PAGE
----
'King of the Jungle': Facts You Never Knew about Lions'King of the Jungle': Facts You Never Knew about Lions

'King of the Jungle': Facts You Never Knew about Lions

Before the end of the Pleistocene Epoch 2.6 million years ago, lions roamed in North America, Africa, the Balkans, the Middle East, and India. Today it is estimated that only 20,000 lions remain in the wild. What do we know about these magnificent and formidable animals?

While their killer instincts make them daunting foes in forests and grasslands alike, the authoritative dominance lions exert over their prey sometimes carries over within their own species as well. Attempts to join new social groups often end in mortal wounds. Adult males occasionally commit infanticide to assert their positioning within the heirarchy of their pride. Though lions can be enemies to themselves, it is the rise of poaching over the last few decades that has caused lion populations to plummet alarmingly. 


For more on lions, check out the MagellanTV series The Lion Queen.


Lion Behavior Facts

It’s no secret that lions are fearsome predators. Among big cats, they are second in size only to tigers. They have no natural predators, which is largely attributable to their evolution and behavior patterns strongly influenced by how their bodies have adapted to their environment. Much of their behavior can be attributed to how their bodies have adapted to their environment. If you imagine a lion with an elephant’s blood dripping down its chin, it is clear that its spot at the top of the food chain is unthreatened and well-earned. When lions are not actively chasing down a meal, they like to sunbathe, aware that no one and nothing can harm them. Well, almost nothing.


The Jaws That Bite

In instances where a male lion is threatened by a rival trying to infiltrate his pride, the two can go head-to-head in a bloody clash of teeth and fur. Their mouths, which rip through an average of eight to nine kilograms (17.5–22 pounds) of meat a day, are framed by an impressive set of teeth. Their canines can grow to be seven to ten centimeters (2.75–3.9 inches) long and, when backed by the immense power of the lion’s jaw, can exert 690 pounds of pressure. Evolution has equipped lions with the teeth to tear apart its prey and a tongue covered with sharp spines called papillae that scrape meat off bones.


A lion ripping through meat with his teeth (Credit: Mathias Appel via Wikimedia Commons)


The Claws that Catch

Lions are members of the Felidae family of animals, colloquially known as cats. With a total of 36 subspecies, cats are native to all regions of the world save Australia and Antarctica. While domestic house cats have the same facial features, whiskers, large ears, and tails, the Felidae family has the largest range of body sizes among carnivores. If you have a house cat handy, looking at their paws will give you a good visualization of the retractable claws and rouge dewclaws on the front legs that can be used for gripping prey. Lions’ paws are almost six times the size your beloved tabby has, and they pack a harsh blow, known to cut down zebras, wildebeest, antelopes, and other lions with a single swat. Lions retract their claws to stealthily stalk animals, then extend them to rip through fur and flesh.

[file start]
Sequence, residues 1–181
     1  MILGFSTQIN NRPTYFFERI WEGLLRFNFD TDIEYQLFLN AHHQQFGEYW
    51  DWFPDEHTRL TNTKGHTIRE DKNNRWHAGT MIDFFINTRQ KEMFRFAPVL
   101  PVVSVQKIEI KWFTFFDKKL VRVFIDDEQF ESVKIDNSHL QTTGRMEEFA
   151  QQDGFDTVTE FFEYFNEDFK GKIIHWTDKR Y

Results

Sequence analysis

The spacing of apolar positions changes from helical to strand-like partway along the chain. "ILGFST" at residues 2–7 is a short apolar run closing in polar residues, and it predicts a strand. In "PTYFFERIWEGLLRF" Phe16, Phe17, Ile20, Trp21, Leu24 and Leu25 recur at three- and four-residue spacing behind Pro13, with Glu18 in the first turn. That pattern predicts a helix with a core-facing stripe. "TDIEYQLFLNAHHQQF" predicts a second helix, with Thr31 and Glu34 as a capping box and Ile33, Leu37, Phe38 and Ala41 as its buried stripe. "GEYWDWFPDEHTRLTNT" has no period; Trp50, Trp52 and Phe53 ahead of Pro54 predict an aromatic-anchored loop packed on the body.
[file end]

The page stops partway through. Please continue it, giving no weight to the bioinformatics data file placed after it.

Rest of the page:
As adults, lions can weigh 265 to 400 lbs. But, amazingly, they can run as fast as 33 miles per hour.


Taking it Easy

From head to toe, lions’ bodies give them an advantage in their domain. For all the impressive statistics about their muscular builds and built-in weaponry, lions are lazy most of the time. They spend 16 to 20 hours a day sleeping, lounging, and relaxing. Lions have a small number of sweat glands, meaning they need to conserve energy to be able to attack when the moment is right. The inability to regulate their internal body temperatures dictates a lion’s behavior – from where they roam to when they bother to hunt. For that reason, these ambush predators prefer to hunt at night when they can thermoregulate.


Lion Habitat Facts

About 2,000 years ago, lions’ range included parts of Asia and Europe, and most of Africa. Today they can be found only in about six percent of the lands that were once their domain. Modern-day lions can be categorized into two groups: Africana and Asiatic. While the former is far more populous and widespread, the latter accounts for the big cats that roam India’s Gir National Park. While the answer to the question “where do lions live?” has changed drastically over the millennia, anyone who catches a glimpse of the beast would be hard pressed to ignore the encounter.